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CEO Leon Williams Addresses Bahamas Society of Engineers

2014-11-11

BTC CEO Leon Williams joined executives from BEC, Water and Sewerage Company, and Consolidated Water (Bahamas) to address attendees of the recent Bahamas Society for Engineer’s Annual Conference and the theme, “Public Private Partnership (P3) in the Effective Delivery of Projects.” The executives, all touted as P3 pioneers, spoke to the packed Melia Hotel room on why utilities have taken the lead in P3 in The Bahamas and what concerns and issues face utility companies as the market changes.     

CEO Williams noted that P3s bring together a perfect marriage of expertise and resources for the betterment of the country, pointing to several examples within Bahamas’ history in telecommunications.

“There has always been a relationship between the public and private sectors in Bahamian Telecommunications.  Cable Beach got its name when in 1892 the government of The Bahamas joined with Marconi to build the country’s first telegraph cable from Jupiter Beach to Goodman’s Bay. More recently, in 2001 government gave Columbus Communications the concessions to land in the Bahamas and develop ARCOS a submarine cable connecting 14 Caribbean countries to USA.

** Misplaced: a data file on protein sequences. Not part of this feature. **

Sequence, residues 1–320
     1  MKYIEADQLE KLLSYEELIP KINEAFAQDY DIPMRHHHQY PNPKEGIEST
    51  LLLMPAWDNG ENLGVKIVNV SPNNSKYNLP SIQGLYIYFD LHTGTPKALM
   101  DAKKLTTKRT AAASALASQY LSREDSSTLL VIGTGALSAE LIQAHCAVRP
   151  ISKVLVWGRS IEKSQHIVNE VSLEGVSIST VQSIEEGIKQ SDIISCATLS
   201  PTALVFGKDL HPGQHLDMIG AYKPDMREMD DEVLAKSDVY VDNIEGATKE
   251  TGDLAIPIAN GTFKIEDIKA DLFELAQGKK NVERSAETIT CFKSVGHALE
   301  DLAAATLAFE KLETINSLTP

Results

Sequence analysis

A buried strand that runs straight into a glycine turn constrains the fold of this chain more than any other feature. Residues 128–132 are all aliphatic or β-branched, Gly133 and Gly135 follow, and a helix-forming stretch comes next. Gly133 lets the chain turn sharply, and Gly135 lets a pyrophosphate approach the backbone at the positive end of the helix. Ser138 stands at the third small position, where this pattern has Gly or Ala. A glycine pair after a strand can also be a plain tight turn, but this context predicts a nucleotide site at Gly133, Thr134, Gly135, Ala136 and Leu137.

“Look at the BDSNi, a $70million BTC project that connects the islands of the Bahamas to each other and to Haiti. Let it be known that everything south of Eleuthera is a cost centre, not a profit center, and a private company couldn’t lay a cable that far south.

However, BTC’s service obligation by law is that BTC must provide public telecommunication services to any island settlement in the Bahamas that has 10 or more household.”

“According to an IDB Report on Latin America and the Caribbean in 2012, broadband is more expensive and less used in Caribbean countries than the global average. The digital divide is stark within this region, particularly when comparing coverage in urban vs. rural areas. Much of this is due to cost. The costs of implementing a single line of dial tone in Nassau is $470 whereas in San Salvador it is $4200.  It becomes a barrier to broadband development; the obstacles facing broadband development are so formidable that the private sector will not be able to face them alone. The OECD recommends governments adopt regulations to help reduce the cost of  civil works needed to expand broadband networks.

Even in the USA and Australia, most of the telecommunications networks, particularly the rural networks are subsidised by the government. So there is a need for government to join with the private sector and provide leadership in initiatives to reduce not only the digital divide, but also to use digital means to narrow the socio-economic gap.”

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